Happenings on Charles Street: Charles Street Restaurants Brace for Outdoor Dining Amid the Elements

When Mayor Martin J. Walsh announced on Sept. 16 that the city would extend the outdoor dining season past the original Halloween end-date in response to the ongoing pandemic, it came as welcome news to Charles Street restaurants struggling to stay in business, but now, those same restaurants are bracing for the inevitable onset of colder temperatures, as well as other realities of winter in New England.

Bin 26 Enoteca’s outdoor dining area.

Bin 26 Enoteca is doing its part by embracing the change in the weather with the launch of a new campaign called “Bin 26 Has Got You Covered,” where patrons can purchase (at cost) small blankets made from a synthetic blend and adorned with the restaurant’s logo for $8 a piece, along with fuzzy, wool hats for $25 each, with 100 percent of proceeds from the sale of the hats going to BINA Farm Center – a nonprofit that offers a variety of therapeutic and recreational equine programs to people with and without special needs.

“The idea is to cover your head and your body with a blanket and enjoy dining outdoors,” said Babak Bina, who, with his sister, Azita Bina-Seibel, owns and operates the longstanding restaurant at 26 Charles St.

Besides providing space heaters outdoors, Bin 26 also took the additional step last weekend of wrapping the exterior of the upper portion of the patio in clear plastic to offer al fresco diners resistance from the wind.

And inside, Bin 26 recently began using a machine that produces  “food-friendly” disinfectant fumes to sanitize the interior of the restaurant after each service in the morning, in the afternoon and at night.

“Obviously, we’re still wiping everything throughout the service area,” Bina said, “but this is an extra measure we’re taking to assure that everything else is getting sanitized as well.”

Bin 26 is also now considering purchasing air purifiers for the interior of the restaurant, but since each one costs around $300 and can only cover about 600 square feet, this could be more than the restaurant can afford to spend at the moment.

“The weather has been great, and we want to stretch that out for as long as we can,” Bina said, “and we’re doing everything we can to keep the interior of the restaurant sanitary and healthy for patrons.”

In early July, the Paramount became the first restaurant on Charles Street to offer outdoor dining when the city allowed them to convert two parking spaces into space for four tables, and Diego Osorno, the manager and chef of the restaurant at 44 Charles St., credits this gift from the city for helping the business stay afloat during these uncertain times. But even so, The Paramount is now bringing in only around $6,000 in receipts on a normal Saturday or Sunday, down from $10,000 pre-pandemic.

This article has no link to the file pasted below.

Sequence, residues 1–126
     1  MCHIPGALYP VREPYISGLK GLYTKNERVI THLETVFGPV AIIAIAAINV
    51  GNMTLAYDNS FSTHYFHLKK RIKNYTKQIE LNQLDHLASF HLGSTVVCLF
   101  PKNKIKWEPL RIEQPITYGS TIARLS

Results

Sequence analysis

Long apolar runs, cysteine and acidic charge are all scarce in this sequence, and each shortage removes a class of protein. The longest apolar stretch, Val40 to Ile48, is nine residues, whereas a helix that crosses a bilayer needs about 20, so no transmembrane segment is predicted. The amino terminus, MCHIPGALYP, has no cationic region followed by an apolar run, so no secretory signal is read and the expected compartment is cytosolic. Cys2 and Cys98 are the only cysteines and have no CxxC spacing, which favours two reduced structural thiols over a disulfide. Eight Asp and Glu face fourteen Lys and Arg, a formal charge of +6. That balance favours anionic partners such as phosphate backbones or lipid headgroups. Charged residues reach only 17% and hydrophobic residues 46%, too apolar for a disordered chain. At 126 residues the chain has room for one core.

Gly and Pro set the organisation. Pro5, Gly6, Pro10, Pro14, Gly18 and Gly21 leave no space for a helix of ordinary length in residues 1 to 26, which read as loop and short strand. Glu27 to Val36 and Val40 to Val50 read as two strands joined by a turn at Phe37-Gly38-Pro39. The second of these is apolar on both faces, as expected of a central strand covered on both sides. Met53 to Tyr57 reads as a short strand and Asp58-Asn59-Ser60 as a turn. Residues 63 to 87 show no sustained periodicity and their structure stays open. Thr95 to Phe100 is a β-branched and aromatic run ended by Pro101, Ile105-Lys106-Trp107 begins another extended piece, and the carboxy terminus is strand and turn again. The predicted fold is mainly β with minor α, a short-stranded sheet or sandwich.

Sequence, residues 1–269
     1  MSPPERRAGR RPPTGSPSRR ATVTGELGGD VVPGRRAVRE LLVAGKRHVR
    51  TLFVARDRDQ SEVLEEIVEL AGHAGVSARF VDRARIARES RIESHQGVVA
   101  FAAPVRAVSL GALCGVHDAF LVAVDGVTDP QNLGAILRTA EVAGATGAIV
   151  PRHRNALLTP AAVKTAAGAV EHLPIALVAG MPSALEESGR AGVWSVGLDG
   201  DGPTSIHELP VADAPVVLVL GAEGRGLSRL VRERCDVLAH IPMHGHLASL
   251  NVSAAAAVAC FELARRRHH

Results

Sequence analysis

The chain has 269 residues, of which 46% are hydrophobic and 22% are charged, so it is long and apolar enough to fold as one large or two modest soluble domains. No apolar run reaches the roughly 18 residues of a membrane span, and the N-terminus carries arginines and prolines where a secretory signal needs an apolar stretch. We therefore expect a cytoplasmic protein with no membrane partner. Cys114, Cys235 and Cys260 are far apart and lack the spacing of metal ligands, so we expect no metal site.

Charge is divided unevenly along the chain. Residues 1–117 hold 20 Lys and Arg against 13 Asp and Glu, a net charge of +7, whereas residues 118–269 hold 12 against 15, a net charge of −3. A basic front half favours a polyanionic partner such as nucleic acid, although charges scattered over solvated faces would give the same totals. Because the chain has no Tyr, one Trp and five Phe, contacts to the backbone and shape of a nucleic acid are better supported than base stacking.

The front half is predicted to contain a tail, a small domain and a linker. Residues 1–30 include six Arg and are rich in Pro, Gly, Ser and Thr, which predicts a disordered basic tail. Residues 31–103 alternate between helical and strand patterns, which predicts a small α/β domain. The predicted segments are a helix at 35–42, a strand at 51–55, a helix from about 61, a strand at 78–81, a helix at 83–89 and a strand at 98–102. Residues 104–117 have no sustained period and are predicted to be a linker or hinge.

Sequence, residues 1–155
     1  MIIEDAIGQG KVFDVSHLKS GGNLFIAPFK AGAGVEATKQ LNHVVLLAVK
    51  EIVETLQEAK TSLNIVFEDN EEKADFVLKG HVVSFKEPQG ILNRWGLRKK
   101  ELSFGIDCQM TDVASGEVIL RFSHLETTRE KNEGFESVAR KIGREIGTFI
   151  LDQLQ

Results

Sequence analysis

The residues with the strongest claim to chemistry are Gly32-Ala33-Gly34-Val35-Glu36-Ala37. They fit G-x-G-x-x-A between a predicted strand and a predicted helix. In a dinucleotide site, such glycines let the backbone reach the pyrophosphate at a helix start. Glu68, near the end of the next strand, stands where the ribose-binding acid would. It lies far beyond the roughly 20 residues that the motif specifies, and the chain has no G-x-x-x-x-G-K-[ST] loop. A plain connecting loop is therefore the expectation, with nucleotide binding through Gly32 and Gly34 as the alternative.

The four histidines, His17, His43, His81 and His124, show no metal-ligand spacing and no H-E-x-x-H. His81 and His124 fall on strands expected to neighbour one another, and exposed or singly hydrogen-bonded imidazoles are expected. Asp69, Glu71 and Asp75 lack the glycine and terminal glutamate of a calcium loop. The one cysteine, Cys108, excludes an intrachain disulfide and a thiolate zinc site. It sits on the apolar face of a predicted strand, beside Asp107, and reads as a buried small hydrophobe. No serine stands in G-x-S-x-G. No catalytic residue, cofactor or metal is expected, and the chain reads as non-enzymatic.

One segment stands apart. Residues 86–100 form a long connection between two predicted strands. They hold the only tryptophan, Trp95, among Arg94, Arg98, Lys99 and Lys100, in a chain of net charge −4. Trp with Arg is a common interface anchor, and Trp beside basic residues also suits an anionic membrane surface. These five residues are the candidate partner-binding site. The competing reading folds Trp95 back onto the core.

The Paramount’s inside occupancy was also cut in half due to safety measure enacted by Gov. Charlie Baker – going from space for 48 diners to only 24 – but the 20 diners can now be accommodated outside has helped the restaurant recoup some of its losses.

On the flipside, it has also become commonplace for some would-be patrons to abandon the idea of dining at The Paramount if outdoor seating isn’t available – in fact, just last week, a party of 15 left when they were told they couldn’t eat outside, costing the restaurant around $500 in receipts, Osorno estimates.

The Paramount also recently tried to make the outdoor dining experience more comfortable for its patrons by purchasing two inexpensive electric heaters, Osorno said, but after a fuse blew in one last week, the restaurant is now faced with the decision of buying five propane heaters at the cost of around $280 a piece – and that doesn’t even include the cost of propane.

Anthony Ackil, CEO and founder of Streetlight Ventures, a small business-service company that now owns and operates The Upper Crust’s original 20 Charles St. location (as well as its five other outposts), is also thankful for the agreeable weather, as well as for Mayor Walsh’s decision to extend the outdoor dining season in the city.

But he also knows all too well that Mother Nature is one reality that can’t be bargained with or sidestepped.

“We want to stay open for outdoor dining for as long as we can,” he said. “We’ve bought heaters, and we’re doing everything we can to make it comfortable outside, but there comes a point where it won’t work anymore.”

And like restaurants everywhere, The Upper Crust must also anticipate living with the coronavirus for the foreseeable future.

“We’re doing everything we can to accommodate outdoor dining as late in the winter and early in the spring,” Ackil added, “because we don’t see anything changing over the next six months.”

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